What’s it about? Robby’s life has been plagued with misfortune: every investment has fallen through, and now he’s up to his eyeballs in debt. In a last-ditch attempt to find his fortune, he charts a course toward Isekandar, a planet where your dreams supposedly come true. Fortunately for him, the debt collector on his heels switches sides in hopes that Robby will show him a life full of the unexpected.
It’s not necessarily useful for a critic to work overmuch in comparisons, since you can’t assume a reader keeps up with All The Things and will immediately know what those references mean. But as I watched this premiere, I was struck with nothing so deeply as the thought: “this looks like they put Tiger & Bunny and Space Dandy in a blender. With some Samurai Flamenco on the side.”
Which is to say, in accessible terms, this is a brightly colored space comedy about a womanizing loser mashed up with an “opposites attract” co-star, and a lingering sense that the writers are throwing things at the wall to see what will stick. As much as I want to believe in the potential here, I’m not entirely sure it knows what it’s doing.
The setting is certainly bursting with creativity. Every scene is crowded with strange characters and eye-catching background details, almost to the point of being overwhelming. It’s a world in love with its own weirdness, but in a way that invites the viewer to come along for the ride rather than feeling lofty and smug. The character designs are unique, and I am an absolute sucker for fun stories starring adult characters.
Unfortunately, Robby kind of sucks. The show has enough characters drag him for his failings that it seems like he’ll grow out of the womanizing and chronic dickery, but in the meantime he’s more than a little grating.
Part of that is due to the fact that his shortcomings mean all of the women in this episode are essentially window-dressing. The larger issue, though, is that Robby’s bad luck is hard to sympathize with once it’s revealed he ran away from his rich family as a teenager. Not because they abused him or anything, they just…cramped his style. Or something. Also his “run-down” apartment looks like this.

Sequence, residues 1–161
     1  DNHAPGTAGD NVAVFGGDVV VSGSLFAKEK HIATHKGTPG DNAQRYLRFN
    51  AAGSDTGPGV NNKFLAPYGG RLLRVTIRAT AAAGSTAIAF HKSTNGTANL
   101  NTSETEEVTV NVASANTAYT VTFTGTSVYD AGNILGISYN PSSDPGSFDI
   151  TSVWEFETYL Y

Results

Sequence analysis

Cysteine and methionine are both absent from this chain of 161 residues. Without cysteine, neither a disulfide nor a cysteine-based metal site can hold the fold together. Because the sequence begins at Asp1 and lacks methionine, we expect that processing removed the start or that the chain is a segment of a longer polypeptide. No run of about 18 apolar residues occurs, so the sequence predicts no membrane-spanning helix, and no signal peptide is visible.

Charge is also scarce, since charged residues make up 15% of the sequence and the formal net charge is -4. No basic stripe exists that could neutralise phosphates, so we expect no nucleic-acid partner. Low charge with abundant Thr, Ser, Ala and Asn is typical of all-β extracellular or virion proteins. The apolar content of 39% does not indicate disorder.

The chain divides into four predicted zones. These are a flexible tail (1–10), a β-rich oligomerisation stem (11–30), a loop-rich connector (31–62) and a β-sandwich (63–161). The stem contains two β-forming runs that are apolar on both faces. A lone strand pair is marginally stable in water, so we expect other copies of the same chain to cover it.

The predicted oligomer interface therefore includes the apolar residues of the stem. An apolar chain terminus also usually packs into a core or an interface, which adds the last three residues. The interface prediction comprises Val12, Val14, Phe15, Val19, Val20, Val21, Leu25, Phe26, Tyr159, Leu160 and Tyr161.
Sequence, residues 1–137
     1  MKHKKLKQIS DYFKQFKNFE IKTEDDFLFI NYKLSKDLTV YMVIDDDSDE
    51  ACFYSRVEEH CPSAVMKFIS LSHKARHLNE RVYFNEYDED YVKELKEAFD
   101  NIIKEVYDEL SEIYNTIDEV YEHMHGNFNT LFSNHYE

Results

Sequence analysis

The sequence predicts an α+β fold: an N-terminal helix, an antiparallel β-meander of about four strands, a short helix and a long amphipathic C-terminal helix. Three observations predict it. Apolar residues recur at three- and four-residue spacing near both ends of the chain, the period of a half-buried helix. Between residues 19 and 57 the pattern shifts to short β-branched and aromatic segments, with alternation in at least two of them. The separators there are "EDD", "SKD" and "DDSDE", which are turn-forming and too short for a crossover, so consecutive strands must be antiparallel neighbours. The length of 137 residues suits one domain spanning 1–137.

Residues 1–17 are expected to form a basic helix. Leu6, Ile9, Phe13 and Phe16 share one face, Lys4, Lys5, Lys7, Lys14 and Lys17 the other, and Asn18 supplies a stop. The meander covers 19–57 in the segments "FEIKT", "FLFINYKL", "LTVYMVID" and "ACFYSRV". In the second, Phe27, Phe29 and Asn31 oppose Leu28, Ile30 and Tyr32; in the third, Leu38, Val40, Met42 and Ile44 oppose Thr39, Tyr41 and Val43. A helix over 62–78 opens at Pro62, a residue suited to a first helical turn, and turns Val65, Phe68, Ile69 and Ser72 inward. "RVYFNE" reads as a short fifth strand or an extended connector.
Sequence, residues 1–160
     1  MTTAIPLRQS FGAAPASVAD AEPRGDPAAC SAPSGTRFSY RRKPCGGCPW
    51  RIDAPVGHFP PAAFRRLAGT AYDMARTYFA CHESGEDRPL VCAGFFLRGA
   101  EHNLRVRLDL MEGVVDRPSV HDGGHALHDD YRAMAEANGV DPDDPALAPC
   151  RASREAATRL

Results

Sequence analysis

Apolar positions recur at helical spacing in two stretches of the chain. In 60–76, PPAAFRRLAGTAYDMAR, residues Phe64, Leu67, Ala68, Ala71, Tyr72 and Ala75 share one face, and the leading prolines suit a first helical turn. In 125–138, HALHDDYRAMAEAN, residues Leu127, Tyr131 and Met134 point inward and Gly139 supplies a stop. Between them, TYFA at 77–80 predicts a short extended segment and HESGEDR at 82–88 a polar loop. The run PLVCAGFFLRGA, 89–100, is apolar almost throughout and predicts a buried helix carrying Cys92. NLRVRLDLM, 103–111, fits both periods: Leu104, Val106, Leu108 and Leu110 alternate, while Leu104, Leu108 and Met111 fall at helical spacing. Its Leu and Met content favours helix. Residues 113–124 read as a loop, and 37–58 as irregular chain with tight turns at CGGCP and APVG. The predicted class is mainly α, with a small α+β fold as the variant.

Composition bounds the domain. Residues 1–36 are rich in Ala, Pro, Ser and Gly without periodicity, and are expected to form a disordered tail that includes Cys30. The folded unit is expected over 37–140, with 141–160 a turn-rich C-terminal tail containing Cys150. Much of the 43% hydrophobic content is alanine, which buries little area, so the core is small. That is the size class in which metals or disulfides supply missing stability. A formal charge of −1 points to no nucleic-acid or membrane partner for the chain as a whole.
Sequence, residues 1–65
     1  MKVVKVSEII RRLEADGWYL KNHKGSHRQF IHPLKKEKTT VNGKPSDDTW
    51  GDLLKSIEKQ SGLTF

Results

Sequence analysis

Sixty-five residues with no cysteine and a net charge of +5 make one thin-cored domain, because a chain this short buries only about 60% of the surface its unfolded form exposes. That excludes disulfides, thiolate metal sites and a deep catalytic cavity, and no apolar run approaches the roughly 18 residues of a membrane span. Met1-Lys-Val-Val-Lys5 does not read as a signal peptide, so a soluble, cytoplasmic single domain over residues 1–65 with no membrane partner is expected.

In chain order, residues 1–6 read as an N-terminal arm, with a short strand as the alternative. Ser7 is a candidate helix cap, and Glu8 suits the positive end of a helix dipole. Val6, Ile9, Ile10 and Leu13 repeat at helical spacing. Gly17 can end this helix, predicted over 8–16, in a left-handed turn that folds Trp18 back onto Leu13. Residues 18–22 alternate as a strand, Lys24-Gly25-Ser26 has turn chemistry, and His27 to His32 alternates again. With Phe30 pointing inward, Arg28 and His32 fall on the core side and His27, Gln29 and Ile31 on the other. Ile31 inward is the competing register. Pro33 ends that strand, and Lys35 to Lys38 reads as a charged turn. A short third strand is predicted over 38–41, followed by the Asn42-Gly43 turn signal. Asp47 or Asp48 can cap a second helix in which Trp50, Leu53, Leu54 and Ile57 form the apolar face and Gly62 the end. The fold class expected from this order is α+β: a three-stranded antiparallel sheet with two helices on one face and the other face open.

That presumable safety net turns Robby from being a stressed-out adult scrabbling to keep body and soul together into an irresponsible manbaby who blames his bad decisions on bad fortune (it’s definitely implied he’s just dating women who’re conning him—and good for them, I was prepared to say by episode’s end). Whether the show ends up being any good will rest heavily on whether it understands this distinction.
The other part of the titular duo, Hatchi, is especially broadly sketched. A fastidious super-genius, he’s struck starry-eyed by Robby’s devil-may-care attitude and throws himself into Robby’s quest by episode’s end. He’s not bad, but he’s also a little wooden, his responses already completely predictable.
But then, perhaps that’s because the first half of the episode is a clunky extended lunch date in which the two met-by-happenstance leads explain their philosophies to one another. There’s a frantic quality to the writing here, as if the show is brandishing jazz hands at me with a rictus grin and sweat dripping down its face.
I’m coming down hard on what were essentially petty annoyances. (I’m also not wild about the fact that the mafia boss chasing Robby has an undercut, which seems to be anime’s new pet form of queercoding, if his copious lip-licking is any indicator.) But that’s because I can see the potential for a really excellent series buried in here.
The bleeding enthusiasm of the artists could lend itself well to extremely memorable episodic adventures, and if the writing actually forces its characters to deepen and mature then this could be a very satisfying adventure series. I’m at least willing to give it a few episodes to see if it can start finding itself.
Just….hopefully Funimation does something about those subtitles, ’cause they’re hurting my eyes against the extremely bright art.